Olympic Reporter’s Love of Japan’s 7–Elevens has Us Longing for Our Fave Convenience Store Finds


Our editors’ favourite convenience store snacks from around the world

Highly rated restaurants and authentic cuisine are some of the things that drive us toward a particular destination, but sometimes grabbing a quick snack from the nearest convenience store is the reality while abroad. Take Canadian journalist Devin Heroux, for example, who travelled to Tokyo to cover the Olympics and discovered the wide variety of snacks and drinks that Japanese 7–Elevens have to offer (among his favourites: Chocolate Almond Crush Pocky and 7–Eleven Iced Coffee). His love for these Japanese snacks got us thinking – here are our editors’ favourite convenience store finds from around the world.

August 5, 2021
A pack of orange Hawkins Cheezies snack
  1. Hawkins Cheezies, Canada  —

    Jen Foden, Senior Editor “I'm very much in the crunchy cheezies camp vs. those awful fluffy cheese puffs. My go–to is the oh–so Canadian Hawkins Cheezies that you can find at basically any decent convenience store in Ontario. (It helps that I live a 15–second walk from a convenience store.) They're salty, crunchy and will cover your hands in delicious orange dust.”

A pack of cucumber-flavoured Lay's
  1. Lay’s Cucumber–Flavoured Chips, China  —

    Malcolm Gilderdale, Executive Editor “This may not even be the most interesting variety of potato chip available at convenience stores in China (BBQ shrimp and squid are a couple of other options), but there’s something wonderfully perverse about a salty snack that is sort of like dill pickle sans brininess. What’s left is subtle but delicious and, as you might expect, a little bit cooling.”

Related: Take a Trip to Shanghai at Home

A pack of Sablazo Samurai Peanuts
  1. Sablazo Samurai Coated Peanuts, Buenos Aires —

    Stefanie Sosiak, Art Director “These were our go–to snack while on set in Buenos Aires. I got introduced to these addictive peanuts encased in a crunchy shell, flavoured with soy sauce by the local producer we were working with. They’re made in Mexico but are popular all over Latin America. They have other intriguing flavours, including chili mango and a hot mix.”

Related: Found: The Creamiest Dulce de Leche in Buenos Aires

A packet of Jaffa Cakes
  1. Jaffa Cakes, U.K. —

    Davina Sinnatamby, Social Media Strategist “These ‘cakes’ are more like biscuits and you can find them in the U.K. They are a delightful treat if you like orange–flavoured chocolate. I got addicted to the sweet combination of sponge base, orange–flavoured jam and chocolate while living in the U.K. and then got all my friends obsessed with them too. They also come in other flavours like strawberry, but orange is so good, I’ve never tried the others.”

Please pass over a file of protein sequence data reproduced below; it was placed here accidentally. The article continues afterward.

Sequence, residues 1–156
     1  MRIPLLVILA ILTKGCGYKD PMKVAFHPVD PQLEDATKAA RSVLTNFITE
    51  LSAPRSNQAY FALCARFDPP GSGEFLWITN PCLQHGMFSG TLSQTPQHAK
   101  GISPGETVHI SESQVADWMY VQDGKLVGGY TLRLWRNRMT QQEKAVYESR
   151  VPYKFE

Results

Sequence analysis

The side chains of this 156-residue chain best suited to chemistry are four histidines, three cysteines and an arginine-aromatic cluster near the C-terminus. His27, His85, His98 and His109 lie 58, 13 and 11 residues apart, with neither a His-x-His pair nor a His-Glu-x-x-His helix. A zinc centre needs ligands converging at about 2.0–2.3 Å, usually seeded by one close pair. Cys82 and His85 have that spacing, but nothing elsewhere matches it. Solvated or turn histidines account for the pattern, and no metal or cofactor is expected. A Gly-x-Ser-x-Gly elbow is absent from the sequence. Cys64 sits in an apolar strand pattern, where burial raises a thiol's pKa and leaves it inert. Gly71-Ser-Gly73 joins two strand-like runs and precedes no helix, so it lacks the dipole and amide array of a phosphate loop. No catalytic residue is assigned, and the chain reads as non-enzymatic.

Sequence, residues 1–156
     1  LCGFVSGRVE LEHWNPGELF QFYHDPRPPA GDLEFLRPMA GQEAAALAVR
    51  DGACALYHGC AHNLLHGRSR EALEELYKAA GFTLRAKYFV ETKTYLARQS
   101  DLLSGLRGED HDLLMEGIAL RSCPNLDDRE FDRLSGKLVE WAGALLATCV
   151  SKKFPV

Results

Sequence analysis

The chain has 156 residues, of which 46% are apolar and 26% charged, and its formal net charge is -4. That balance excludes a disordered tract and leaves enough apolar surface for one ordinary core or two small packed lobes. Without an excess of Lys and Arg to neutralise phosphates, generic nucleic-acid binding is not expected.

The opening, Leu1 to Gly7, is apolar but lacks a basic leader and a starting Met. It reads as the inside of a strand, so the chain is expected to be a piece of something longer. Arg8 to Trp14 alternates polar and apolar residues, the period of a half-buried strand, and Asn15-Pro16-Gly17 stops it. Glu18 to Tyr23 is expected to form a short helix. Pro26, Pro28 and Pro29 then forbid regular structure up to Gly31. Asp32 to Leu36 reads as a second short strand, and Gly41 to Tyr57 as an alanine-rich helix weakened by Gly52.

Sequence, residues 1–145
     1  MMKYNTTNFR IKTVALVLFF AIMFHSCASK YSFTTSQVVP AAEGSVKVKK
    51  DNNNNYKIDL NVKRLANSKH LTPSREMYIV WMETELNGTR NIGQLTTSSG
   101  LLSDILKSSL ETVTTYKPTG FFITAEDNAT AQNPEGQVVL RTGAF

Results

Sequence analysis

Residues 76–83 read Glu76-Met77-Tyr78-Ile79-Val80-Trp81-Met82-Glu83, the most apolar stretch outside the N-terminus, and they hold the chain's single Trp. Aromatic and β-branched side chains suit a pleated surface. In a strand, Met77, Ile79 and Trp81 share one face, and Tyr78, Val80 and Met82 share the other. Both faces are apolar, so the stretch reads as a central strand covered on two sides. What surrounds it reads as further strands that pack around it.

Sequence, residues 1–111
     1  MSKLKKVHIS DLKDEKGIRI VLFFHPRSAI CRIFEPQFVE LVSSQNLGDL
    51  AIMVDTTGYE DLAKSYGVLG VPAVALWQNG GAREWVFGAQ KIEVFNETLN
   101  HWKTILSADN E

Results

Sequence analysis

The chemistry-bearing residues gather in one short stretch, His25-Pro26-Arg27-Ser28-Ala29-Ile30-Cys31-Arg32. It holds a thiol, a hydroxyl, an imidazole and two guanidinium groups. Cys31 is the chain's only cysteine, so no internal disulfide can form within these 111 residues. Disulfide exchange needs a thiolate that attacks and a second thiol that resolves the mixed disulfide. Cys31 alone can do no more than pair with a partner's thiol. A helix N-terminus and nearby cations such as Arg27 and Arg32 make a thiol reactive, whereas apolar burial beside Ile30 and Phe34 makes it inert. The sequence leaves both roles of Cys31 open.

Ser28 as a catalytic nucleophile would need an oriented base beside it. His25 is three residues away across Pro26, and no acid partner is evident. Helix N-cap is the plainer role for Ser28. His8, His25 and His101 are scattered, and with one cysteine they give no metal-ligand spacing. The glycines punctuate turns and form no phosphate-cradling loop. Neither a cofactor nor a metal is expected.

A packager of Big Foot snacks
  1. Big Foot, the Caribbean  —

    Alexis Ramlall, Editorial Assistant “Big Foot is the first thing I go for when I’m in the Caribbean. They’re a Jamaican brand but you can find them in almost every convenience store in the islands. Don’t let the shape of these crunchy snacks put you off – they’re like Cheetos except bigger, cheesier and best of all, seasoned. There’s something about their distinct flavour that tastes so much better than regular chips. And they come in a spicy version, too, if you’re looking for a little extra kick.”

Related: 3 Quick and Easy Caribbean Escapes for Your Next Winter Getaway

A package of Curly Wurly snacks
  1. Curly Wurly, U.K. —

    Dominique Lamberton, Senior Editor “Scouring the chocolate bar and chip selection at corner shops is one of my favourite pastimes when I’m in a new city, which is how I discovered the delight that is a Curly Wurly while in Edinburgh. Attracted to the name, illustrated in colourful bubble letters in a foil package, I tore it open and found lacey ribbons of chocolate–covered caramel. It’s the perfect treat when you’re looking for a hint of sweet; not too filling or over the top. Now, whenever I’m in the U.K., I buy a few, to enjoy myself and bring home so others can give it a whirl.”

A package of Dracula Piller snacks
  1. Dracula Piller, the Nordic Region —

    Ari Magnusson, Associate Editor “Scandinavian candy is an acquired taste – that’s putting it mildly. These hard pastels are an extremely salty liquorice and can be found in most convenience stores across any of the Nordic nations. As someone who is half Icelandic, I grew up eating these and I still can’t get enough of them (I also love the kitsch packaging). They have this addictive, peppery and umami–like flavour and if you eat too many, they’ll burn your tongue.”

Related: Iceland: The Unexpected Hot Dog Hot Spot